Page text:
One intriguing feature of Amazon's new Kindle 2, which was unveiled recently, is text-to-speech. The digital reading device is capable of reading, in a variety of synthetic voices, any text shown on the display. This has sparked a controversy in the publishing community because audiobooks have become an important revenue source, and many perceive the Kindle's new feature as undermining that business. Amazon did not plan to pay the publishers any extra money for written content consumed through text-to-speech.
Amazon, while continuing to claim that the text-to-speech feature does not violate any publisher rights, has now announced that it will allow rights' holders to block text-to-speech capability on their content sold through Amazon for the Kindle. I expect that most publishers of popular books will do so, hoping to sell the audio format as a separate product.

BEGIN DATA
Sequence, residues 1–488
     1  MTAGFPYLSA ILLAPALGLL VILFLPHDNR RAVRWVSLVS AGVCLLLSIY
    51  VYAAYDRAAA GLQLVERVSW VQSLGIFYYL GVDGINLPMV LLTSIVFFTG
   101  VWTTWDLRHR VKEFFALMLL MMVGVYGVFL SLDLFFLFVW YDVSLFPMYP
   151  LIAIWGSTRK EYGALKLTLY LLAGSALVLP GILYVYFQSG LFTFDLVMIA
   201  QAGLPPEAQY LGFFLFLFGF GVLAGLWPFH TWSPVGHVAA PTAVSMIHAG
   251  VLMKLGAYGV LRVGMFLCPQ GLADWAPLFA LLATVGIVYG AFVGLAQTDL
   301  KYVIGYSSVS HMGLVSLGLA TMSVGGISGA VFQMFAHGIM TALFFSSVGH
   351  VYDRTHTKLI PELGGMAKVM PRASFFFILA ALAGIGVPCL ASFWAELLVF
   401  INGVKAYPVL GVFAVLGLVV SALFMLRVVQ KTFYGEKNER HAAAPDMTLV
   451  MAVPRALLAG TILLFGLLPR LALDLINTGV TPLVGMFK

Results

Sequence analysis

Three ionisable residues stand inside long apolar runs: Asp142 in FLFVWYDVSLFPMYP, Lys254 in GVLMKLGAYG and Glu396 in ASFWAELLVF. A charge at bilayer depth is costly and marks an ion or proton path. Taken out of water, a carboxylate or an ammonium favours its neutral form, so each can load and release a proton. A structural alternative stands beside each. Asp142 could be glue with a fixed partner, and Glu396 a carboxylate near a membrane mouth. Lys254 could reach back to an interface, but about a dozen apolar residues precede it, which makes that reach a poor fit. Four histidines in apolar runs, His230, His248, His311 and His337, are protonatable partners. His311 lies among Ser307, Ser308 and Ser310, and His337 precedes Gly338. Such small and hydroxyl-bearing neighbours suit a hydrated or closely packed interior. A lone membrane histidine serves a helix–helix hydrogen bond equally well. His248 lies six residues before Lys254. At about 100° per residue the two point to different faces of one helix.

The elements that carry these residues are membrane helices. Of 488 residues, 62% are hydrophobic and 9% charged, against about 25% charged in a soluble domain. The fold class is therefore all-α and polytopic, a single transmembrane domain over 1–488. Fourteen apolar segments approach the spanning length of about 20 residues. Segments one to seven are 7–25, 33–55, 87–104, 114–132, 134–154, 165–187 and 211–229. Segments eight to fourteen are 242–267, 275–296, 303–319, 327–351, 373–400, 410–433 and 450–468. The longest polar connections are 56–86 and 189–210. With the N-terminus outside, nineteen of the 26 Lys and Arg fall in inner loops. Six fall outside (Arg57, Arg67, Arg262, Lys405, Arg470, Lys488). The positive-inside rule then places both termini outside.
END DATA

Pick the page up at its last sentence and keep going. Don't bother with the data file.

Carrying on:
Reviewers of the Kindle are split on the real ability of the synthesized speech to read text in a way that listeners would accept. Audiobooks are usually read by trained actors who bring to the text a certain richness of interpretation that computer speech has not yet mastered.
Nonetheless, Kindle 2 purchasers are likely to be disappointed to find one of the newest features no longer works, much like a new car buyer would feel if the GPS system was suddenly disabled. I wonder if Amazon will offer compensation for the loss of value.